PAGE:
Jejunal fluid aspirates were collected from all the patients by an enteroscope and a sterile catheter system (Devon Innovations, Bangalore, India). Faecal samples were obtained from 77 patients in sterile stool containers (Stericol Vials, Hi Media, India) or as rectal swabs. The protocol was approved by the Institute's Ethical Committee. All specimens were immediately inoculated into the Selenite F broth, MacConkey agar, Bismuth sulphite agar and xylose lysine deoxycholate agar. Incubation of the agar and broth medium was made for 24 h at 37[degrees]C aerobically. Subcultures were made from Selenite F broth onto the above solid media. In plates showing no growth, the incubation was carried out for another 24 h. Colonies grown were identified by standard biochemical tests (2).

Fifty nine (59%) of the jejunal fluid samples yielded bacterial flora. Pure bacterial isolates were obtained from 45 of the positive samples, whereas the remaining 14 had more than one kind of organisms. The predominant organisms were Pseudomonas aeruginosa (26%), Serratia marcescens (11%), Klebsiella sp (9%) and Acinetobacter (8%). Other organisms were Proteus sp. Enterobacter, Escherichia coli, Citrobacter, Salmonella and Staphylococcus aureus and Streptococcus (Table). The salmonella species isolated were S. Typhi, S. Paratyphi A and S. Choleraesuis in one each of the samples.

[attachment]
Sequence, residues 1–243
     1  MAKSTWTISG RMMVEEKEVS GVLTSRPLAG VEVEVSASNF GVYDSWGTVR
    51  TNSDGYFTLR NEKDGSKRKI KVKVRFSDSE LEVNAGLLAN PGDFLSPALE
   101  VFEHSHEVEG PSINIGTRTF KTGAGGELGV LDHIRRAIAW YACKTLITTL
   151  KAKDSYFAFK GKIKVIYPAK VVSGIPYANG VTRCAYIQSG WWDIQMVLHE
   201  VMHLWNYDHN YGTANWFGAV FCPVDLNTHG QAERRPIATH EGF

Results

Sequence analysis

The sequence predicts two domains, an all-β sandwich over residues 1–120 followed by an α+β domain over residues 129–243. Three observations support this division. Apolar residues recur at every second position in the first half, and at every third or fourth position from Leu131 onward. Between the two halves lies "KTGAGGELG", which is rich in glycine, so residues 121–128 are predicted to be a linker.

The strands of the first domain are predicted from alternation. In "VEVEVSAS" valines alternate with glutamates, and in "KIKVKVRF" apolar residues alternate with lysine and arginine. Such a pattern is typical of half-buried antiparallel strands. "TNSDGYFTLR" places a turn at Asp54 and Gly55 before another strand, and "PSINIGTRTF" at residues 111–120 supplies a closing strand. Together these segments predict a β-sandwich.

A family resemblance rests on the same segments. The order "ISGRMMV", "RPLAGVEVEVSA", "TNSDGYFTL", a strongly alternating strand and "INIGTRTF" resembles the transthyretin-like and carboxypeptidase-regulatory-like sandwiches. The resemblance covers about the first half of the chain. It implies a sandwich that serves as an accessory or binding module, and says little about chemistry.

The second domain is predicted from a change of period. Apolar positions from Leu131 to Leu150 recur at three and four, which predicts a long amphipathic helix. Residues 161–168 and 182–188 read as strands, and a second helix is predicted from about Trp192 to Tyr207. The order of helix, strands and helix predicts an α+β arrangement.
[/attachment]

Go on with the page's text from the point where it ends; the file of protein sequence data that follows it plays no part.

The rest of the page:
Of the 77 faecal samples tested, 66 (85.7%) showed non significant growth. Salmonellae grew in only 2 samples (S. Typhi and S. Paratyphi). Other organisms that grew as pure/predominant growth were E. coli in 4, P. aeruginosa in 3 and Enterobacter sp in one sample. In seven cases both jejunal fluid and faecal samples were positive for the same microorganisms. Similar finding was reported earlier in south Indian infants with acute gastroenteritis (3). Faecal sample could not be obtained from a patient who had S. choleraesuis in the jejunal fluid. The presence of three different salmonellae isolates from the jejunal samples could be a chance finding probably secondary to transient intestinal carriage.